The president of our international organization took some time out of his hectic schedule to reflect on some questions we had for him.
RMC: How long have you been in technical communication?
BA: I suppose I started into the field in the early 90s.
RMC: How did you get your start?
BA: I worked for a software training company and had to create manuals for some courses that I was teaching. That got me started on planning and creating content, and within a few years I was active in my local STC community.
RMC: What are the top three skills a communicator should have?
BA: I often get asked, and my answers likely change. Right now I’d say a natural curiosity on how things work is one of the core ones that should be there from the start. Very important to be able to dig in and explore. Another is the ability to interview others well and extract the information that is truly relevant to the content being created (which could be video, audio, written, or a mix of all of these) and the audience who consume that content. Finally, I’d say the ability to organize information well. It is a nightmare to either wade through volumes of information to find an answer, or to scan a short document that is poorly organized. Both leave me wanting to find a better resource that is clear in its delivered message, organization, and content.
RMC: What is your favorite thing about being a technical communicator?
BA: I get to travel, meet people, and learn what companies and people are doing, and then share my knowledge with others.
RMC: What tools do you use?
BA: Chainsaws, shovels, tractors, and much more while working on things that are not computer based. On a computer… Microsoft Office, Adobe Technical Communication Suite with a focus on Captivate and FrameMaker, and DITA based tools such as FrameMaker, Oxygen, and XMetaL. That’s the core of my “at work, or not at work” toolset.
RMC: How do you stay current with issues related to technical communication?
BA: Involvement with STC of course. I also present at about 4 or 5 conferences every year, watch a LOT of related videos, write articles, and remain active with the tool vendors in beta programs testing and providing feedback. My business also means that I get to see how people at different companies do things and constantly learn from them. Lastly, as a part-time college professor I also get insights into what people under 30 are doing with regards to content and technology.
RMC: What advice would you give to people who want to begin a career as a technical communicator?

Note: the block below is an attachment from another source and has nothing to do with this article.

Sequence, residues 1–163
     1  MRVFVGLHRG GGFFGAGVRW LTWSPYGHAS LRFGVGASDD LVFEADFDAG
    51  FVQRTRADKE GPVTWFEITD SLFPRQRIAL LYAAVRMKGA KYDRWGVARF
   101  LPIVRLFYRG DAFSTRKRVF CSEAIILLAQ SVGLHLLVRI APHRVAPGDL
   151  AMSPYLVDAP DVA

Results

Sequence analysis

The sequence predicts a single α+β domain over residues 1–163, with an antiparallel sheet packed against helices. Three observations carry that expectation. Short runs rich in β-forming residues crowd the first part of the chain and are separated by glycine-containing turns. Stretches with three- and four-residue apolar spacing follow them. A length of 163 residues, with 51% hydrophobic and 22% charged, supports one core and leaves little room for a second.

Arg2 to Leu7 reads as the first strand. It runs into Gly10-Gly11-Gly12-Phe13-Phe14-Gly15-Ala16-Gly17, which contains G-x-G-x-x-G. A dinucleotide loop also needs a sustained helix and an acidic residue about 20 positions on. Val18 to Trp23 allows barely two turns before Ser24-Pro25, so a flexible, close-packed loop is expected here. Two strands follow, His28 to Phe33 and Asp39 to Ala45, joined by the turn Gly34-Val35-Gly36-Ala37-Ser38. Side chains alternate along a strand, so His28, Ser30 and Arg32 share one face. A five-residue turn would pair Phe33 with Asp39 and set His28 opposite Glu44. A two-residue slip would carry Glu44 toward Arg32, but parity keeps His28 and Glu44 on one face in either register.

BA: Take the time to learn all you can along the way. Don’t overload yourself with too many responsibilities. Learn to project manage and set realistic expectations for yourself (and others).
RMC: If you weren’t in this profession, what would you be?
BA: Interesting question. Tough to say for sure. There are a broad set of interests that I have and it may be part of the reason that I actually AM in this profession. It allows me to see and do so many things. I suppose that if I wasn’t in this field I’d love to be in something that has a challenge to it, allows travel, and is rewarding.
RMC: Favorite industry book?
BA: I don’t have one. I actually don’t have a favourite non-industry book either. I find that there are genres I enjoy, but when I do sit down to read it’s to unwind and escape, not to be even deeper into what I work with as well.
RMC: Favorite travel location?
BA: Pretty broad. As my travel for work gets me bouncing around a lot it is tough to pick one. I do enjoy camping, so getting away from everything is great. It’s local, inexpensive, and if done right has some of the best food and scenery going. In Canada I enjoy travelling to the east coast. Friendly people, great prices, and scenery that is unbelievable. I enjoy most of the areas that I go for work, and have been fortunate to travel to most of the US, as well as a lot of Europe and even to India.
RMC: Something else?
BA: Nothing that can be put into print. Some ideas just don’t convey themselves the same way when you write them down. So often the best things that happen are spontaneous, creative, unscripted, and come about due to conversations and interactions with other people. I think that is something which keeps me believing that despite all the connectivity and the online environments that go with it, there is a great deal that just happens because of interactions between people. Meeting in person means seeing reactions, sharing a real laugh (not an “lol” but actually laughing. Out loud. With others.), and experiencing that broad mix of experiences that develop when multiple discussions happen. I suppose that conferences provide the industry equal to the backyard bbq. Many people, common interests, but unique perspectives and conversations drift and develop. So for “something else” I guess it’s a wrap up with the idea that human interaction is still such a crucial part of what we do, and my hope is that it continues in the years ahead. Look forward to meeting people on my trip to the Rocky Mountain chapter and sharing thoughts, ideas, and laughs.
Bernard solves business problems and helps companies generate more revenue through the effective use of content. He guides clients through the best processes to create, manage, and deliver content. Once delivered, he helps socialize the message, understand and act on feedback, and improve the process and workflow.
He is the founder of Publishing Smarter, an Associate Fellow of the Society for Technical Communication (STC), and STC President. Bernard has helped hundreds of companies implement successful solutions. He is focused on publishing better, publishing faster, and publishing smarter.